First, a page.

We needed to build a moat around George’s business. Something that would make it difficult for his customers and competitors to compete with him. His castle needed a defensive line around it that would safeguard its value.
After some consideration, the strategy of the business changed. George would migrate the business model from a general wholesaler to a branded distributor.
This was going to take some doing and the starting point was to work with what he had – good staff, good operating systems and reliable back office bookkeeping and accounting capability, extensive customers in the hardware and home-ware retail market.
The change in the business model took some time. Moving from a general wholesaler to a branded agent distributor creates a different emphasis on the business.
For example, it required a completely different marketing system to be built. Branded agent distributors have to influence the man on the street as well as their retail distribution channels. The man on the street needs to ask for the product and the channels need to promote the product.
Before, the man on the street was largely irrelevant to George since his retail chain took care of moving his no-name products off their shelves. The premium associated with branded products needed this new drive and marketing effort.
Within five years George had 11 big name brands that he represented. His marketing efforts were well organised and paying off. Business began to boom again. During this time, George negotiated exclusive supply into a retailer for a branded product that he represented in sub-Saharan Africa.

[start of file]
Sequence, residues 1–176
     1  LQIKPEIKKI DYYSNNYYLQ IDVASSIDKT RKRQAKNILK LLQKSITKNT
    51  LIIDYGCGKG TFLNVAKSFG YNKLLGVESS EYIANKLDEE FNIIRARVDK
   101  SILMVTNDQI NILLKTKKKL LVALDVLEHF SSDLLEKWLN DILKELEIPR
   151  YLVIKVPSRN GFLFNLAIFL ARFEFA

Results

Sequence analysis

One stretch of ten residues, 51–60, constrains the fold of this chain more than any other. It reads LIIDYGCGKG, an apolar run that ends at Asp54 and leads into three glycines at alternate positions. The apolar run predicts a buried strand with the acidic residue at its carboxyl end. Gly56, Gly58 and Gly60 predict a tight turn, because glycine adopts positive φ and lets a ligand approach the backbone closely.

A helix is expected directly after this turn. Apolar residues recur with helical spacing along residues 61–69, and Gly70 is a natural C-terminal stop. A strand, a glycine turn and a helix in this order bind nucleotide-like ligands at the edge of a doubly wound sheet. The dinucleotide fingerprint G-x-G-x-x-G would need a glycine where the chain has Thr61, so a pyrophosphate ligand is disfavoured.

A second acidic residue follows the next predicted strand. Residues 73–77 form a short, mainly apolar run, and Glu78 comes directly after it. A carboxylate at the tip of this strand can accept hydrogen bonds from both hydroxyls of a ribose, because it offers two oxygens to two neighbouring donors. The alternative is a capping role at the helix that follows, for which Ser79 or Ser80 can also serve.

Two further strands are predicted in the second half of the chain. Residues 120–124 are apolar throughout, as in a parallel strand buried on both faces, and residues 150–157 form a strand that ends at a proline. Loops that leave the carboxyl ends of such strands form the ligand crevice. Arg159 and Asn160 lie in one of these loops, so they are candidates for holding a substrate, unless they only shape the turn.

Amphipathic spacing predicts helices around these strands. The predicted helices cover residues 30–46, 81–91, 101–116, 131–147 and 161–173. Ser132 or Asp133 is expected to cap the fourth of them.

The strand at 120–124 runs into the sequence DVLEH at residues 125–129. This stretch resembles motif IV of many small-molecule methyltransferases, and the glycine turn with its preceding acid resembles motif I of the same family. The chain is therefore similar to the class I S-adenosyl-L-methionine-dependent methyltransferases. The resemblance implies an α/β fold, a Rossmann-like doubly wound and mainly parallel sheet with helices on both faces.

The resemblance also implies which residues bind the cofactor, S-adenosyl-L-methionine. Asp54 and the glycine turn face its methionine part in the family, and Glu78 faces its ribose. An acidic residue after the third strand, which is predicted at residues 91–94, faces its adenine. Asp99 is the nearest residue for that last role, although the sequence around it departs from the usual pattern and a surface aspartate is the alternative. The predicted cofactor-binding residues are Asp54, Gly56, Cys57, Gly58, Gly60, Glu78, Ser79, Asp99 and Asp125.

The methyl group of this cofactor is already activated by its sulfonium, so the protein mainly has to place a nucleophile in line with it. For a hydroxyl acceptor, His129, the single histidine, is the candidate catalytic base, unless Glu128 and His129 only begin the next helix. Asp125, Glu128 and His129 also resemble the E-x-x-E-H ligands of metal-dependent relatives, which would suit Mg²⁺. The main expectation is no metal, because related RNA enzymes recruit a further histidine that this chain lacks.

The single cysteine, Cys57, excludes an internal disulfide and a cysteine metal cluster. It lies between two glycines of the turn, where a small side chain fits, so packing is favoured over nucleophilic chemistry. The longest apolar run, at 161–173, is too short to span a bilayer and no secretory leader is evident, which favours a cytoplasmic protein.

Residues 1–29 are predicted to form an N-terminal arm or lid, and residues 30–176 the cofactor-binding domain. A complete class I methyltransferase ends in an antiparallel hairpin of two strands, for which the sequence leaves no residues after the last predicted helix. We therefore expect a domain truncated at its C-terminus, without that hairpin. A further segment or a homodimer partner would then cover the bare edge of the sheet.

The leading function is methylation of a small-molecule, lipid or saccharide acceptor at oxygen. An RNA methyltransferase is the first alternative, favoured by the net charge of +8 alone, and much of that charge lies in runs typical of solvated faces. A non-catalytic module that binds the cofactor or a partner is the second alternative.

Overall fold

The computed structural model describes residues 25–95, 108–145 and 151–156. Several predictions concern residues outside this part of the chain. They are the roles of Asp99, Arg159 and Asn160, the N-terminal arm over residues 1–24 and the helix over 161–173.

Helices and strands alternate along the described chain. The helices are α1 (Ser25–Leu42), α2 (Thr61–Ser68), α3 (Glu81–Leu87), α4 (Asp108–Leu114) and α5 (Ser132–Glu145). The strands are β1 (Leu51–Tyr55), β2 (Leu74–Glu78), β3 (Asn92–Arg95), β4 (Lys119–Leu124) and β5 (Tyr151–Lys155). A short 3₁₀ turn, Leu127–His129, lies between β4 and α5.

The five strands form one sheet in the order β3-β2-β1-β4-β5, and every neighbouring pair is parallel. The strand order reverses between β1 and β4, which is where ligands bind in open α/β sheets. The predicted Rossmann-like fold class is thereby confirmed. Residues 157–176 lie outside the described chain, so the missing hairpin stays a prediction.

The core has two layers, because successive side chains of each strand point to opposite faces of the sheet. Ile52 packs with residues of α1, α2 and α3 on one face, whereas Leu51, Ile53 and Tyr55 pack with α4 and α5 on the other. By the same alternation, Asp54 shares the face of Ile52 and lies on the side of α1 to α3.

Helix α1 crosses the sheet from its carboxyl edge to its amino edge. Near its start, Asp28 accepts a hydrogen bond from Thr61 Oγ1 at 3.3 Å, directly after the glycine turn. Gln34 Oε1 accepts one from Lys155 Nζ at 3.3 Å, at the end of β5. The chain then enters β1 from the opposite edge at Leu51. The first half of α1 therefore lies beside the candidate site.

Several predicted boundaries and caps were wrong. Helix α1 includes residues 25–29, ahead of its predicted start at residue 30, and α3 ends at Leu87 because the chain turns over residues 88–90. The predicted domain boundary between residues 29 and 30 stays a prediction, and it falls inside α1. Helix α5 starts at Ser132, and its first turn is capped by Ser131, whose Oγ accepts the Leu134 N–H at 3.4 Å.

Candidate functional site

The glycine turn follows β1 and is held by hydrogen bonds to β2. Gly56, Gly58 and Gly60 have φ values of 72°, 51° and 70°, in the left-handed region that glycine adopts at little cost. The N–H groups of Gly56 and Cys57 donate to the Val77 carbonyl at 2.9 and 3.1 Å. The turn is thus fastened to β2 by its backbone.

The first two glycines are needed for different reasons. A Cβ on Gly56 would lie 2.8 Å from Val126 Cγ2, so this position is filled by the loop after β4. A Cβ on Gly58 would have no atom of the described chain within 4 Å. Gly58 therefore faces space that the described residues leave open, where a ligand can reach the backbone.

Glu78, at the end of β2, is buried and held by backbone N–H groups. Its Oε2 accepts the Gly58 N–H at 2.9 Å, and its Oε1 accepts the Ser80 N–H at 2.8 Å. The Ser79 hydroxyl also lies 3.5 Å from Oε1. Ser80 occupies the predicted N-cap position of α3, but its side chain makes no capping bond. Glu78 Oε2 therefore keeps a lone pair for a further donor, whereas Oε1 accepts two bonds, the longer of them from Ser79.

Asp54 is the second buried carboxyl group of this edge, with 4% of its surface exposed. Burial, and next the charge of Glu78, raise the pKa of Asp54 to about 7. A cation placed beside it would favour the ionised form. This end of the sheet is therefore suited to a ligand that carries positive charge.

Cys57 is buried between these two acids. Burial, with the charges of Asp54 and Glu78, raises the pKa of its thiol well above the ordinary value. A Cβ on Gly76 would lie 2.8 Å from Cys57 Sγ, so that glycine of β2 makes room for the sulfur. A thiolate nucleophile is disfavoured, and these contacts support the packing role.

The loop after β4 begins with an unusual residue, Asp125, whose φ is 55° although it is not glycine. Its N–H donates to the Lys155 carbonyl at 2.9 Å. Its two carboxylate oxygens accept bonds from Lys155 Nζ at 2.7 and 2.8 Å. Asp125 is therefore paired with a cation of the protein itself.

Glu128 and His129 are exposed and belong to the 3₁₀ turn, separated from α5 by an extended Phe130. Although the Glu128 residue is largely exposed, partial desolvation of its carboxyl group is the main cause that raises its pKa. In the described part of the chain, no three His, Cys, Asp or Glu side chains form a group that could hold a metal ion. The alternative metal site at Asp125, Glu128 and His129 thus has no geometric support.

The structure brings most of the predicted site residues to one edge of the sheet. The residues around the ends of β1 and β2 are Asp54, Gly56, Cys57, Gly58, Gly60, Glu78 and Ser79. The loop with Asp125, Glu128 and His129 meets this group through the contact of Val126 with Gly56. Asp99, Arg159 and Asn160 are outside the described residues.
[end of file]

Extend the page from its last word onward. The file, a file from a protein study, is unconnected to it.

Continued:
The retailer had 283 stores around South Africa. George’s business boomed. Cash was being generated in the business at a rate unseen before but getting the deal done, securing the supply from his principles abroad and bedding down the logistics and distribution to meet the service level agreements with this retailer had taken their toll on George. Exhausted, George began for the first time to take the odd holiday.
Keep working on your business
In my recent meeting with George, I was saddened to see a dramatically different man. He looked faded and exhausted.
His former enthusiasm had been replaced by a cynicism and resentfulness towards arbitrary foes – the exchange rate, the schooling system, toll roads! He was meeting with me in order to get some assistance to prepare the business for sale. It was clear that he was sick of it, sick of his customers, staff, suppliers and everything else.
We looked through his last three years of financial statements. The business had hit a turnover level of R79 million in its peak and today was trading at 24% below that high.